S'il vous plais, Monsieur Gendarme, ou est le salon de justice?
The French court has come to Chicago to conduct a trial. A French judge, representatives of the French Embassy, and French police officials are in town and they've set up shop at the Cook County Criminal Courts Building.
There's a Notre Dame in Chicago, if they have a hankering to attend Mass. It was built by French settlers on Chicago's west side, back when that part of town was prairie and farm. Should the visitors need more, they can lay a wreath at Wolf Point on the Chicago River, to honor Jean Baptiste Point du Sable, Chicago's first non-native settler. Granted, he was Haitian, but Haiti was once a French colony.
Father Jacques Marquette and the explorer Louis Jolliet once trod on Chicago's turf. The French court officials could swing by the Marquette Building, which is located near LaSalle Street. The landmark structure's lobby is decorated with mosaic panels, designed by Louis Tiffany, that depict scenes of the Jesuit himself as the first French tourist to visit Illinois.
Having been made comfortably at home, reminded of Chicago's French past, the judge can get down to the business of deciding if Hans Peterson can be tried for murder.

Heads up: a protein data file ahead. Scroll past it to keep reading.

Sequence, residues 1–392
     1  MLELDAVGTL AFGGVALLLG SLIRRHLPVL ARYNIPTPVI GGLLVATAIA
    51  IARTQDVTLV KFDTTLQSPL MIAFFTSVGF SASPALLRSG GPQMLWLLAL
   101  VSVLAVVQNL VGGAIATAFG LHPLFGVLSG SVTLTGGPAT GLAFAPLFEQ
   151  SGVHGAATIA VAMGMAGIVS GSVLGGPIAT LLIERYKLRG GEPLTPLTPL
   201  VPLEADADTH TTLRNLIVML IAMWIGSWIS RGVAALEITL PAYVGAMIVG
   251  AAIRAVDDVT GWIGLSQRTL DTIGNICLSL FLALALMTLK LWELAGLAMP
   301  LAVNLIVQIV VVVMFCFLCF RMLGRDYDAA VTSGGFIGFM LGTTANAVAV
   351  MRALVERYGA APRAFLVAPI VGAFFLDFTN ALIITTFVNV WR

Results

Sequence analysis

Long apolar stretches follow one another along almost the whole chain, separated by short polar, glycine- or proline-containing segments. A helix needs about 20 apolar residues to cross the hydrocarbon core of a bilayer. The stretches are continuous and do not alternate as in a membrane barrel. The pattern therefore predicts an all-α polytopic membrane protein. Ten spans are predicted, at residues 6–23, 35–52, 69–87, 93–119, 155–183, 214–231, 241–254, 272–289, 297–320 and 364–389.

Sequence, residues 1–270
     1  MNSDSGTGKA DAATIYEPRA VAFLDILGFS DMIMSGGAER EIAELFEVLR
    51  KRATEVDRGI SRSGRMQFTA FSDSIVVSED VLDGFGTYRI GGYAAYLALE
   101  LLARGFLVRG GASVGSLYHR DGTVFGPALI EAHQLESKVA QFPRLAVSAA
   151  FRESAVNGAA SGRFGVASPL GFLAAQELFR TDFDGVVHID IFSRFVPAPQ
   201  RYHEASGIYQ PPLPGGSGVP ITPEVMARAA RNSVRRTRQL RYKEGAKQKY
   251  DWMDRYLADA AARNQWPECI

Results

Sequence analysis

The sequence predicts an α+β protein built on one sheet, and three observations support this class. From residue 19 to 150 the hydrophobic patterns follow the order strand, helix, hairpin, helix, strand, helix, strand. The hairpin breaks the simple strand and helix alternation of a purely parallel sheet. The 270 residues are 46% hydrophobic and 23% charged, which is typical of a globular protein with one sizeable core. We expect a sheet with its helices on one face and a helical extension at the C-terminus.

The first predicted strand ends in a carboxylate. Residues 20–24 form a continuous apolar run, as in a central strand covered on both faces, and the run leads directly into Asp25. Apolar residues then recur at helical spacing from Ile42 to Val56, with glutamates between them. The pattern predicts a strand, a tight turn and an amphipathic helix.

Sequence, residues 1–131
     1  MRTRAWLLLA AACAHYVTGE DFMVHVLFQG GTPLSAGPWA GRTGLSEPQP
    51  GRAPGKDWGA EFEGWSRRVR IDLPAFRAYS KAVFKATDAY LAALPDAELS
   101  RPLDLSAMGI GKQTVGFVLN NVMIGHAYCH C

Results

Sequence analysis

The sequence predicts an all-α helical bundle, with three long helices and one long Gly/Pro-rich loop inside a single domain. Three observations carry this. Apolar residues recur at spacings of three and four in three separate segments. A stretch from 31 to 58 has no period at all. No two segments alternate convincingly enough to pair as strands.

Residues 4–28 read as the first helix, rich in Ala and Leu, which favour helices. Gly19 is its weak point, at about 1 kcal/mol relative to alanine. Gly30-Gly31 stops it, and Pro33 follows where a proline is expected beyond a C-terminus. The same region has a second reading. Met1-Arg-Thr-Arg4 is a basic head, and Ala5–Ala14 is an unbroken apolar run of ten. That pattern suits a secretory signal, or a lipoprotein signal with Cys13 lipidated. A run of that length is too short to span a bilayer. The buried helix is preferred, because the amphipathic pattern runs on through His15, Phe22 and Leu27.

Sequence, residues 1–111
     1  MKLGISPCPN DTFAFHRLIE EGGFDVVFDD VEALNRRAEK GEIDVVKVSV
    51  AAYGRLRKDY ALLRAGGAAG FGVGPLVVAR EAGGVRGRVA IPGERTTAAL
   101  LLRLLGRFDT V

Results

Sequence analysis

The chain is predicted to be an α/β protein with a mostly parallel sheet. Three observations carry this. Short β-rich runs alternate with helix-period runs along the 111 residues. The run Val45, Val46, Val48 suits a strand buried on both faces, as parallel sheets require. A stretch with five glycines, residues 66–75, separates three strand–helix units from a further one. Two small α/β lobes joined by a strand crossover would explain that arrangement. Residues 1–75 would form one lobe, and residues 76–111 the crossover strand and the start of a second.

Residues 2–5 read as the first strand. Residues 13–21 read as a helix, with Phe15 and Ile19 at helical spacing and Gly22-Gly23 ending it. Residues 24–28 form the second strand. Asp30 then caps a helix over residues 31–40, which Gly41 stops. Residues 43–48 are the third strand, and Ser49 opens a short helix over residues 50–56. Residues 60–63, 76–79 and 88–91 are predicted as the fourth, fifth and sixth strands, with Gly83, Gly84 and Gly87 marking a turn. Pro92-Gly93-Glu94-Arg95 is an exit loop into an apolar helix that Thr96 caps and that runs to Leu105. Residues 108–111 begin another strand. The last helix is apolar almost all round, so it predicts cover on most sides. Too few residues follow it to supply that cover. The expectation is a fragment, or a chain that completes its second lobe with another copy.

Hans Peterson was living in Chicago when he brutally murdered dermatologist David Cornbleet. Since he had dual citizenship thanks to his mother, Mr. Peterson quickly high-tailed it to Guadaloupe where the long arm of the law couldn't touch him. Can't extradite a French citizen back to America, you see, because the wicked Yanks have a death penalty for capital murder and that's not allowed.
On the other hand, the French can't very well let a confessed killer go free. What to do?
Yesterday, a French judge interviewed witnesses and reviewed evidence, to determine if Mr. Peterson can be tried in a French court for the murder he committed in Chicago. Dr. Cornbleet's family was told that, under French law, Mr. Peterson would serve 22 years and then be eligible for parole. In the U.S., the same crime would have resulted in life. Any wonder, then, that Mr. Peterson told his French handlers that he doesn't want to be tried in America?
Bienvenu au Chicago, Your Honor. How about a little justice? It's better than nothing, which is what the Cornbleet family has now.